Humber Lakeshore welcomes early migrants among COVID-19 frenzy
Kajal Mangesh Pawar
Toronto serves as a stop for many migrating birds on their way northbound.
Birds nesting in the Northern Hemisphere tend to migrate northward in spring due to an abundance of plant and insect population, according to allaboutbirds.org.
Colonel Samuel Smith Park is a major stop for several migrating bird on the arrival of spring.
The park, adjacent to Humber’s Lakeshore campus, is home to more than 280 species, according to bird.org.
Nan Chin, a 55-year-old bird watcher, insists on finding more spots for birdwatching even on days with -5 C temperature.
The park is one of Chin’s favourite spots to observe the migrating spring birds.
“I have been birdwatching for the last five years,” she said.
“I used to be a part of a few clubs, but I don’t anymore. I like to go on my own. My main interest is really hiking, and along the hiking trail I see a lot go birds,” Chin said.
Red-winged blackbirds, warblers, common grackles, doves and Canada geese can be easily spotted at the park starting mid-March.
The best time of the day to see spring warblers is between 7 a.m. and 9 a.m., according to late Jim Baillie, an ornithologist at the Royal Ontario Museum.
Monika Croydon, with the Toronto Ornithological Club, said red-winged blackbirds are the first group to arrive.
“Songbirds and other woodpeckers will soon start to arrive and then in April, the warblers, the long-distance migrants from south and central America would start arriving,” she said.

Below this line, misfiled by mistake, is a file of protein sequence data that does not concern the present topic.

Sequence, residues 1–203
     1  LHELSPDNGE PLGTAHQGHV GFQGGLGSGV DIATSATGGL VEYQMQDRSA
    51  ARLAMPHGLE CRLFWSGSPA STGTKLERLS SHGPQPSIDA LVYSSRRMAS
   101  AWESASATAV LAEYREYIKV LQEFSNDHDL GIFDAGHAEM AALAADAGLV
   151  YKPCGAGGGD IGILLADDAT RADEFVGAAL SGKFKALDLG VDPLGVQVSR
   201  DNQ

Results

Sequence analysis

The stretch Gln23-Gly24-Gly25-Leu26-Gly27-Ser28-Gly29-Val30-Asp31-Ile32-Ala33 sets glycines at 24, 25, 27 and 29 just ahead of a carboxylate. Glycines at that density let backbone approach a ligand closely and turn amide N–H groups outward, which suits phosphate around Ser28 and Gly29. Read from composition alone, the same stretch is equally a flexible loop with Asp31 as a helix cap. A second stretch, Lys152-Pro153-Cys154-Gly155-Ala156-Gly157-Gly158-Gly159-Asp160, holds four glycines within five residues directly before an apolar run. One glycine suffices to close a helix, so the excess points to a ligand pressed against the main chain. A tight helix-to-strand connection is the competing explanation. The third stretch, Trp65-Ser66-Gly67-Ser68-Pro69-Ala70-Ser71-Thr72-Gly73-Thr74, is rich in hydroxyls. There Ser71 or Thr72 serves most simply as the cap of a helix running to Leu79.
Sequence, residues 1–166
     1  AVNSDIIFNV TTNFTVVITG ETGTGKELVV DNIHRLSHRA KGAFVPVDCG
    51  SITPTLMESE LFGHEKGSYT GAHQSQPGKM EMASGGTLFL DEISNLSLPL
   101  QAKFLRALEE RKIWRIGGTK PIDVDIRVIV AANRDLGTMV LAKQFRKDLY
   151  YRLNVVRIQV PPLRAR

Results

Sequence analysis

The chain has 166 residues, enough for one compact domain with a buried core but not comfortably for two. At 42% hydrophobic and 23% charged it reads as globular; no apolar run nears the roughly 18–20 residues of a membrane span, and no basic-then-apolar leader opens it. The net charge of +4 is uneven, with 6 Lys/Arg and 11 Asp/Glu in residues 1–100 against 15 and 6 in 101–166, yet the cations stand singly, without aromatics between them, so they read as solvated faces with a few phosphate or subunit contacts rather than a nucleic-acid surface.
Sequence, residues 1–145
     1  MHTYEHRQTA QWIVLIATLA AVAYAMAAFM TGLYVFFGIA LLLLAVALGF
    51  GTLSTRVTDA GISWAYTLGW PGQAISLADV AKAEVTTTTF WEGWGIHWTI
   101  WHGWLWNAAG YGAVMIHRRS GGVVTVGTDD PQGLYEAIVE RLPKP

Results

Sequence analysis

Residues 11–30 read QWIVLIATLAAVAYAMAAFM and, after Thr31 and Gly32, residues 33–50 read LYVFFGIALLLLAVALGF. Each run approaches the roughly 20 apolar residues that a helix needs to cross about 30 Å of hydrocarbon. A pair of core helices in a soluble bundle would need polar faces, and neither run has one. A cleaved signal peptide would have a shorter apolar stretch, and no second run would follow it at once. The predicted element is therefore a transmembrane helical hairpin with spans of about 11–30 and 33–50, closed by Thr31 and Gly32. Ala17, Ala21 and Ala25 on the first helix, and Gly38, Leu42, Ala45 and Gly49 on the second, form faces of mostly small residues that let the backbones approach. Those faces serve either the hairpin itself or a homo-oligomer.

Climate change has widely affected the arrival of spring migrants.
“The birds’ migration has a lot to do with climate. Like I said, our winters have been so mild we don’t see what we used to see,” Chin said.
High Park, Toronto Islands and Leslie Street Spit are bird watching hotspots in Toronto, according to a newsletter released by Ontario Field Ornithologists. Another hotspot is Cootes Paradise in Hamilton and in Bronte Woods in neighbouring Burlington.
Bird walks are frequently organized at these parks. However, the upcoming spring walks have been cancelled due to the spread of COVID-19.
“The parks are not busy and there’s lots of space between me and anyone else there but why risk it?” said Daniel Park, a Mohawk college student and birding enthusiast. “We’ve seen what’s happening in other parts of the world who didn’t take it seriously.
“Birdwatching may have to take backseat for a little while until everything is figured out,” he said.
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